August 28, 2020

COVID-19 wastewater testing saves 'precious' time in outbreak prevention, researcher says

Results for wastewater monitoring at the UA and Pima County are promising, according to the program lead.

UA campus 20200825 VIEW LARGER Students on the University of Arizona campus, Aug. 25, 2020.
Gage Judd/AZPM

Wastewater testing at University of Arizona dorms caught two cases of COVID-19 early, but it was what happened next that officials say made sure a potential outbreak was stopped before it started.

The 300 residents of Likins Hall, where wastewater tests alerted to the virus, were tested, and a special UA cleaning crew was brought into to disinfect the dorm, according to university officials.

The two students who tested positive were isolated in another residence hall and the next day the wastewater was tested again.

“Brilliantly, the day after the individuals were removed from the location the sewage sample, wastewater sample again turned negative,” said Ian Pepper, the researcher in charge of the wastewater testing program.

The wastewater testing is extremely sensitive. The two students in question were asymptomatic, something UA President Robert Robbins calls a good thing.

“Wastewater epidemiology can be a leading indicator of COVID-19 outbreaks with the potential to protect the presence of the virus in a community up to one week in advance of individuals having symptoms,” said Robbins.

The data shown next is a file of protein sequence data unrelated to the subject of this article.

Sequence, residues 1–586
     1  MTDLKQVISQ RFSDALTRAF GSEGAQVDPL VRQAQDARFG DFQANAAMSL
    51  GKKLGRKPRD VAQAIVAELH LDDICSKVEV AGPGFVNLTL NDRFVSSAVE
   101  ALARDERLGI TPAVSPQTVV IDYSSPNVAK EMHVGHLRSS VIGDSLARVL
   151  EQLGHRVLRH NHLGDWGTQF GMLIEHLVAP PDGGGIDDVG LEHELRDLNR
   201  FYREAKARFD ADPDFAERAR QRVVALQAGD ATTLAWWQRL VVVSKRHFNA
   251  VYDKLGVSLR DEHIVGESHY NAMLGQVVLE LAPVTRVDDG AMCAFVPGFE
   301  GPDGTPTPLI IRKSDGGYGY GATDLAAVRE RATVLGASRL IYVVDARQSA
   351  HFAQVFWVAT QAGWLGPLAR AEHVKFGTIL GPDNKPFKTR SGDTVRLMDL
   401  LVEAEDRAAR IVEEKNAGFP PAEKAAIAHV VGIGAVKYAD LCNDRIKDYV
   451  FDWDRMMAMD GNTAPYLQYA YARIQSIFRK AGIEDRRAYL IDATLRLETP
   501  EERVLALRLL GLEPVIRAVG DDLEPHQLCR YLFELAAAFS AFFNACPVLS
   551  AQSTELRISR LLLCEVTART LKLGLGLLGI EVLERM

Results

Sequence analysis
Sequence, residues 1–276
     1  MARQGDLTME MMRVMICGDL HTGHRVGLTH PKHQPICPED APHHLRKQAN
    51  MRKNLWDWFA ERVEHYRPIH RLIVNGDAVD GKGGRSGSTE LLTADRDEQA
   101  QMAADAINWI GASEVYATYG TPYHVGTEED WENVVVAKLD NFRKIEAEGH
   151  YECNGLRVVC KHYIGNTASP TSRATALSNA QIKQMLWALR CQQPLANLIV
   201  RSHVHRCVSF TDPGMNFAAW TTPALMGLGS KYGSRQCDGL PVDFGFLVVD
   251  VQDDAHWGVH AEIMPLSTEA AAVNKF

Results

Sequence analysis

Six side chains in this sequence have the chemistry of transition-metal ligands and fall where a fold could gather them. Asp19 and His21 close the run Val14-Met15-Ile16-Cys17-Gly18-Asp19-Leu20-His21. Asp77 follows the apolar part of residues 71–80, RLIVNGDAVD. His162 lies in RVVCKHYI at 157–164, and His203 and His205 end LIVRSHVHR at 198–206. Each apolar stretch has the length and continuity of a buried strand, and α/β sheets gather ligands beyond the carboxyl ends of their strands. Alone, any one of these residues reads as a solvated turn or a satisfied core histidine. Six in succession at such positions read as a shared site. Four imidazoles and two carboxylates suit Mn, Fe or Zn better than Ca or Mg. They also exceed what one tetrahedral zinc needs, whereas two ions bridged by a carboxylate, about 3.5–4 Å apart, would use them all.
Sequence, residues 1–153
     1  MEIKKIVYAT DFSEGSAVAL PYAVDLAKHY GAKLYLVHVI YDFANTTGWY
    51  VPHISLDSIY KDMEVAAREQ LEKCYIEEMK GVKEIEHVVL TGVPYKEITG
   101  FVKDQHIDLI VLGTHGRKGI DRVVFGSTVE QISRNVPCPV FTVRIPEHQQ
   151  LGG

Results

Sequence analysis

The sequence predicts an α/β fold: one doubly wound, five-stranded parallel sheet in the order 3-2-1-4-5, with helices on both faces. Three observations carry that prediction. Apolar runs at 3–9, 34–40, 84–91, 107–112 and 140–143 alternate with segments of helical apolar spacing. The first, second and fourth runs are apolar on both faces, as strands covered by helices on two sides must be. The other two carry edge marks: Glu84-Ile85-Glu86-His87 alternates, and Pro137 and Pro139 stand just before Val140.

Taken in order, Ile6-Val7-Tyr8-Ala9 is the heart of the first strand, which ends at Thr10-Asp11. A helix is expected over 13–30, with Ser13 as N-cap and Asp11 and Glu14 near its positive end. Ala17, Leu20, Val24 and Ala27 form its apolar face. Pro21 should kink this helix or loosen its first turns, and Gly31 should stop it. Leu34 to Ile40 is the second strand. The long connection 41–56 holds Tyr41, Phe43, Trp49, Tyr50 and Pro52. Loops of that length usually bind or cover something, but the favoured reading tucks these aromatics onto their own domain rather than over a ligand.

Pepper called those seven days “precious” when it comes to preventing a widespread outbreak.

Before wastewater testing began at close to two dozen buildings on the UA campus, Pepper and his team were looking at wastewater at a Pima County sewage treatment plant.

“We could see the effects of the stay-at-home, we could see the effects of the reopening. Concentrations of the virus in the wastewater about six weeks ago when Arizona was making the headlines for having about 800 cases the concentrations were sky high,” Pepper said.

The team is continuing to monitor the wastewater in Pima County. Pepper said for the past two weeks the virus has been nearly undetectable, which corresponds to a drop in cases.

At the UA, the wastewater tests are conducted every morning with results available by the end of the day so officials can quickly react if the virus is found again.

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